A question from a reader:
There is a condition called sacroiliitis which I am told is common among women who have delivered babies.
I was enjoying my suryanamaskaar after such a long time and now it has been suspended on advice. I am not sure that is entirely correct.
Please tell me, can yoga stretches be detrimental now?
Sacroiliitis is an inflammation of the sacroiliac joint (SIJ) located just below the waist on each side of the lower back where you can find a small dimple. Its where the sacrum of the spine joins and interacts with the big pelvic bones. Unlike other joints which are flat and horizontal, the SIJ is almost vertical. All the weight of the body, all our twisting movements and other actions, must be supported by these strange vertical joints.
Because of their odd orientation and big job, the SIJs need powerful ligaments to hold them in proper position. During pregnancy ligaments soften, particularly those in the pelvis, to aid in childbirth. That can loosen the joint on one side or both and cause movement which leads to inflammation and pain.
The SIJs also contain numerous ridges and depressions, indicating their function for stability more than motion. Motion does occur, however, and because of the ridges partial dislocations and even locked positions can occur.
Many muscles interact with these ligaments and the SIJs, including the piriformis, biceps femoris, gluteus maximus and minimus, erector spinae, latissimus dorsi, thoracolumbar fascia, and iliacus. Any of these muscles can be involved with a painful SIJ.
In other words, the SIJs are complicated structures. Diagnosis of dysfunction is complicated, too, and tests are often inaccurate. Depending on the source of pain or the type of SIJ trouble, recommendations of what to do and what not to do vary. Sometimes instructions from various experts seem to contradict each other.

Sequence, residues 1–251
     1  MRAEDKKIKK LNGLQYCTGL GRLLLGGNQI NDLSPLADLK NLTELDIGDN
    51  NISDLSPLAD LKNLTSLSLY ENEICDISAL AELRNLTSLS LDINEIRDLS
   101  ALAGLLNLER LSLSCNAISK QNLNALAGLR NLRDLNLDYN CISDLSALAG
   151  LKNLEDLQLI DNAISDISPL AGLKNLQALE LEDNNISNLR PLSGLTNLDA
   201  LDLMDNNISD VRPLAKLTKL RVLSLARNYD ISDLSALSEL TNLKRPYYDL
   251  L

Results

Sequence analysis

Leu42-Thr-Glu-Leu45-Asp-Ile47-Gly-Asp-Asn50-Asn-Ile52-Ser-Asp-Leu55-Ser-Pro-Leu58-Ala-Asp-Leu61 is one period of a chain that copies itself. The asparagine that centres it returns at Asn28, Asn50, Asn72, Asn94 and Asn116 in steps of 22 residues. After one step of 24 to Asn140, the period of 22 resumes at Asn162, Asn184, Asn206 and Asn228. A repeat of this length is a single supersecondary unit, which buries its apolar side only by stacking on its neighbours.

The best advice is to see a qualified physical therapist near you. They will evaluate for subtle differences in the length of the legs (it can change over time) which can be causing trouble. They will look for dislocated or locked joints, tight muscles, weakened muscles, scoliosis, and loose joints from softened and stretched ligaments. Knowing exactly what the problem is will help you to design an appropriate exercise regimen which can and should include Yoga – with proper attention to correct poses.
Although it depends on the particular pathology, a few things tend to increase pain in the SIJs. Anything that increases pain should be avoided as much as possible for at least three weeks to give the joint a chance to heal on its own.
- Hyper-extending the leg.
- Twisting or rotary motions.
- Forward bends, especially with the feet together.
- Standing with poor posture.
- Repetitive rising from a sitting to a standing position.
- Climbing stairs.
Since suryanamaskar involves forward bends and leg extensions, their performance may aggravate SIJ inflammation and pain. Its reasonable advice to hold off on their practice for two to three weeks to see if the pain goes away. In addition, avoid any asanas that extend a leg out behind, bend the body forward, or twist the torso.
When you resume suryanamaskar, be sure to stand in the opening position with the feet hip-width apart rather than close together as is taught in many Yoga styles. Keep the core engaged with the belly button pulled in to the spine and the back and neck straight. Work into the forward bend taking care not to overstretch the back of the pelvis.
Basically, as with any musculoskeletal inflammation and pain, the best advice is to give the structure a break and let it heal. If it’s continually aggravated by the demands you place upon it, the energy can’t be used for repair.
Since the SIJ is a complicated structure with many adjacent potentially implicated ligaments and muscles, it’s important to determine what elicits pain in each individual. If you find something is aggravating, stop it for three weeks. Then go delicately when you resume.
There are many stretches in Yoga. Finding the right ones for you during different phases or your life and health is the key to a proper and beneficial practice.
Any physical therapists or Yoga therapists out there have anything to add or to disagree about? Any teachers or students have practical suggestions of what’s worked for them? This one isn’t easy, and I’d love to hear from you.